San Ignacio

Jun 3, 2021 by The Old Gringo

By The Old Gringo

In last month’s column, we began our trip from Peñasco and spent a couple of nights in San Felipe, then headed south to our next destination…San Ignacio.

After reading Lannette’s column in the April edition, I thought she was going to ‘steal my thunder’ about San Ignacio, but…no. Her recollection merely serves as the introduction to this wonderful oasis.

The village of San Ignacio sits in the center of the Baja Peninsula, just south of the Baja Norte/Baja Sur border, about an hour from Guerrero Negro on Highway 1. Nestled among rolling hills, this town is home to a mere 667 souls (according to the 2010 census). What it lacks in population, it more than makes up for in charm. Knowing that we would be traveling during 1) Whale watching Season, and 2) Semana Santa, we wisely booked our accommodations before leaving Peñasco.

We stayed in a wonderful place called Ignacio Springs Bed and Breakfast (www.ignaciosprings.com ) +52 615 154 0333, just outside of the town of San Ignacio proper.  This little slice of heaven is run by Paul and Bonnie Vandervelde, two of the nicest people you will ever have the good fortune to meet, and their B&B is PERFECT! Have you ever stayed in a yurt? If you decide to stay at Ignacio Springs, you will.

These yurts are an adaptation of the central Asian variety, circular walls covered by a ‘tent’ roof, but are not portable. Spacious, clean and well-appointed these yurts are a unique accommodation. Many have two or three queen and/or King-sized beds for large or family groups, if such is your desire. The beds are very comfortable. In fact they are downright luxurious!

The location of Ignacio Springs is beautiful, charming and wonderful. Towering palms abound in and around the twelve yurts on site, with parking spaces nestled between the trees. The common buildings are easy to get to from anywhere on the property and are the hub of social gatherings for breakfasts (excellent!) and optional dinners (prepared by Bonnie…also EXCELLENT!). There is a full bar for the afternoon or evening cocktail(s) and the ambiance is superb! I don’t want to name drop…but a true Hollywood “A” lister stayed there a few days before we arrived…Hans Solo anyone?

Believe it or not, that isn’t the best part. The Ignacio river, which is fresh water and spring fed, flows past the resort. While kayaks, canoes, and even a floating doughnut, are provided by Bonnie and Paul, the real draw for me lies in merely lying in a hammock on the shore under a palm tree, bird watching. It is serene, calming and utterly fascinating to watch the water glide gently by while lounging under the shading palms as snowy Egrets, Herons, Cormorants and many other bird species go about their business.

As wonderful as it was to be at Ignacio Springs, we had come for the whale watching. Bonnie and Paul set us up with a transport van to go to Laguna San Ignacio. Having been to Laguna San Ignacio (which has a private air strip) many times over the years while flying with the Baja Bush Pilots and on private trips too, until two years ago I had never been to the village of San Ignacio, which is some 50 or so miles from the lagoon. My bad! What a charming place it is!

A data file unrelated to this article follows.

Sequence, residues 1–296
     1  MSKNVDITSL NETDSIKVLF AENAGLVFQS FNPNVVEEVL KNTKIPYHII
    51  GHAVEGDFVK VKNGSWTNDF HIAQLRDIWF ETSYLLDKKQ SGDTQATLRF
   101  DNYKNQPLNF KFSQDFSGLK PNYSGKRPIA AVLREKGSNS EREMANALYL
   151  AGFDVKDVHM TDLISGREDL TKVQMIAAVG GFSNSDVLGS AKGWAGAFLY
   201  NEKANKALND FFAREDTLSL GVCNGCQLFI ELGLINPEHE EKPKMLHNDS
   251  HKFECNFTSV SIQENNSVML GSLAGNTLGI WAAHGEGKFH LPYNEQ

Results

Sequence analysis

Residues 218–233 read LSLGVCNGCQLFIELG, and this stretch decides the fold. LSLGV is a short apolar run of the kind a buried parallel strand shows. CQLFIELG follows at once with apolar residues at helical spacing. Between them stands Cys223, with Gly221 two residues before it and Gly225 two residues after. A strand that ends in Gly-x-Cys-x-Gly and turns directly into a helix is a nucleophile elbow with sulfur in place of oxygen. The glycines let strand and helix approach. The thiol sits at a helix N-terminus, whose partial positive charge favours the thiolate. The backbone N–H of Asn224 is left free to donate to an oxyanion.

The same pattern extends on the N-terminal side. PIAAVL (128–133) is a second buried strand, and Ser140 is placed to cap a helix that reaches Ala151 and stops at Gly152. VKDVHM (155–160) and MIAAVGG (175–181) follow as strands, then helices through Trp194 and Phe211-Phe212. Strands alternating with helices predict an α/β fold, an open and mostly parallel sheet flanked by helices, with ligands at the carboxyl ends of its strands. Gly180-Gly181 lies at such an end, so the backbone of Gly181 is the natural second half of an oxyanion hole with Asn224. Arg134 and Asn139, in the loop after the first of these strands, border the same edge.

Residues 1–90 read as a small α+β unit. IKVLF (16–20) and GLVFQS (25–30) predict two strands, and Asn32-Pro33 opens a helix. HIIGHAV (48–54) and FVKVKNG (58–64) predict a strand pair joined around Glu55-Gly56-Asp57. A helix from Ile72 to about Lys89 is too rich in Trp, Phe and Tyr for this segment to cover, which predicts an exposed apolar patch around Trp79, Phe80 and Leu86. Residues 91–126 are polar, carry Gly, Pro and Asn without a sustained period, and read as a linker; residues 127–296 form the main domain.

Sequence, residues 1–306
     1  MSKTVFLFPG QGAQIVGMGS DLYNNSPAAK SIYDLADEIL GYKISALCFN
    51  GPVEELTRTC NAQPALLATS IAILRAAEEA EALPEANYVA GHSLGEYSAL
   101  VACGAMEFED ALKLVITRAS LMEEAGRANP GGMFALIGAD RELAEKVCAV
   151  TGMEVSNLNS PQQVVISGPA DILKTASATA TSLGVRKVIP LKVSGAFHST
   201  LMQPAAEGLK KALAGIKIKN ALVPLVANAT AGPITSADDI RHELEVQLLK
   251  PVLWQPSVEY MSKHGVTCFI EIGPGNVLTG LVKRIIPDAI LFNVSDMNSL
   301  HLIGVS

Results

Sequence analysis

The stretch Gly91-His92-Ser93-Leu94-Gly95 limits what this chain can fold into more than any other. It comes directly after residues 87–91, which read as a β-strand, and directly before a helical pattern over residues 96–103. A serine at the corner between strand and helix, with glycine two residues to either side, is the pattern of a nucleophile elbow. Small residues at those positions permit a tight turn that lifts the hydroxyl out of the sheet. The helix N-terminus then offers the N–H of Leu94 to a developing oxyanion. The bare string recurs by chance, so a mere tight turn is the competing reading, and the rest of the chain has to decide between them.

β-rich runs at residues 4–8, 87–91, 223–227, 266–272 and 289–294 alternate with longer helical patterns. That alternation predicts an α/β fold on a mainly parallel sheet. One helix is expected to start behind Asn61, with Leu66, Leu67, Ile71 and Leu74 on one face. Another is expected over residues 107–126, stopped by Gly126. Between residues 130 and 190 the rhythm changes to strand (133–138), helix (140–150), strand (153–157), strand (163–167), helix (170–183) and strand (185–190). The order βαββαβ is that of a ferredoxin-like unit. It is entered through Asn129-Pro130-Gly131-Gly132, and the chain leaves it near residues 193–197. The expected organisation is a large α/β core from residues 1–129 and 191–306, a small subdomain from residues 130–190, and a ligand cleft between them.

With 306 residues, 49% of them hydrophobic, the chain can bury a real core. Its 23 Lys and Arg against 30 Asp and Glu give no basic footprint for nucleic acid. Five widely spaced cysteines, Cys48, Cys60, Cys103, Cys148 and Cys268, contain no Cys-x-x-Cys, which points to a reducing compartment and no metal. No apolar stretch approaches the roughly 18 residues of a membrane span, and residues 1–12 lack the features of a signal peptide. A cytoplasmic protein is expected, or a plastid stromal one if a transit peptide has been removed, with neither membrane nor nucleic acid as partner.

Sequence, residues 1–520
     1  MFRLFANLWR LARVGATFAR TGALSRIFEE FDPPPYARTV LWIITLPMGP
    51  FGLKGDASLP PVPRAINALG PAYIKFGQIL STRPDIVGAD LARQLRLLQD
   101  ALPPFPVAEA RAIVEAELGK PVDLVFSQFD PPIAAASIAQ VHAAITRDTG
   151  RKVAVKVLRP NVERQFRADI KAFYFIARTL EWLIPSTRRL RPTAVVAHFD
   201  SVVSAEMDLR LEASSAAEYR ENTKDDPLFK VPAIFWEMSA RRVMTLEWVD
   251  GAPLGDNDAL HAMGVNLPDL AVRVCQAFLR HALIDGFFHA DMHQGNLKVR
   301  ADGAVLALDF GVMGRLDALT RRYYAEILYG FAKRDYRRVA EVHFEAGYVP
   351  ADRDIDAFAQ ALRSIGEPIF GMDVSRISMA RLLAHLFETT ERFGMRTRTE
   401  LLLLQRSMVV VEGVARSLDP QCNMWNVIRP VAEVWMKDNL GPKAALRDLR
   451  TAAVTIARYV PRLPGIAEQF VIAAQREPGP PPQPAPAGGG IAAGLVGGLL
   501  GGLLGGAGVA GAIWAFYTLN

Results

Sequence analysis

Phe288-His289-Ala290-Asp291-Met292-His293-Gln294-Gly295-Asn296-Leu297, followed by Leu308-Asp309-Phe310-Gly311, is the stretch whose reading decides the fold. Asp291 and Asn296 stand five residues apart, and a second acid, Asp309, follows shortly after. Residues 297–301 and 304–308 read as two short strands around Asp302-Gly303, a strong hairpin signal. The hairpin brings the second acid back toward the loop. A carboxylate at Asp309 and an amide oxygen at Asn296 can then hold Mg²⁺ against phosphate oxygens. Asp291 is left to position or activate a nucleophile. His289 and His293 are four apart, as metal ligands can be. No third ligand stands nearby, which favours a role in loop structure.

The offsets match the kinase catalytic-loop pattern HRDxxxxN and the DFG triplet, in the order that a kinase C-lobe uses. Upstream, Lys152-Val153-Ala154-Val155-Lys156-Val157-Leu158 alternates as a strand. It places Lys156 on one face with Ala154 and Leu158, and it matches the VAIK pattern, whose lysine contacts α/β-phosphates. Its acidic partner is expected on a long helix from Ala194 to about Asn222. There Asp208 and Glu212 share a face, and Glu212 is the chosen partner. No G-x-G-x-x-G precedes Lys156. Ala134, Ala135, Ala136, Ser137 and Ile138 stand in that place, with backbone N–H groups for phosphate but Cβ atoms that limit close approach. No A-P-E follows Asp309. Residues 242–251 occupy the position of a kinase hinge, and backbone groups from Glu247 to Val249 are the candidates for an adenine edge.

A typical small Mexican village, San Ignacio is anchored by the zocalo, or public square, headed by Mission San Ignacio Kadakaaman. The mission was one of the Jesuit, Padre Kino’s, initially completed in 1728. Marvel at the intricate workmanship of this still active church as you walk around the zocalo, perhaps stopping in at Victor’s cafe for a bite to eat, and to see the pet raccoon that might try to snag a bite of whatever you’re having. Or, you could take a table on the patio of El Rancho Grande, where one can watch the world go by on the town square, as well as have a bottle or two of wine and a steak and lobster dinner.  Then, there is the ice cream shop next door…but that’s another story…

We were hoping to see the prehistoric cave paintings, as well as do some whale watching, but the village that maintains the drawings (and the caves themselves) was closed to outsiders, due to COVID, so we were only able to go to the lagoon for whale watching.  Whale watching along the Pacific coast of Baja is an experience that very few people get to have and it is one that you will never forget. Laguna San Ignacio is one of three lagoons where whale watching, as a tourist venue, has become popular. Guerrero Negro and Bahia Magdalena are the other two. This isn’t watching through binoculars hoping to catch a glimpse of a whale tail…no, this is as ‘up close and personal’ as it gets!

Did I say “only”? When you are on the water in a 26’ panga getting up close and personal with several 40’ long, 36-ton gray whales, ‘only’ doesn’t quite fit. Many times, the mothers will let their babies come right up to the boats, to both let them (the babies) see the strange creatures (us) and to be petted by them. Every once in a while, one of the full-grown behemoths will come alongside to be scratched as well. As far as ‘one of a kind’ experiences go, this one is hard to top.

After spending three nights luxuriating in this little slice of paradise, it was time to get on with our journey. Bidding a fond, and reluctant, adieu to Paul and Bonnie, and making a private vow to return to their magical resort, we headed south. Next stop, Mulege, Bahia de Concepcion and Loreto.

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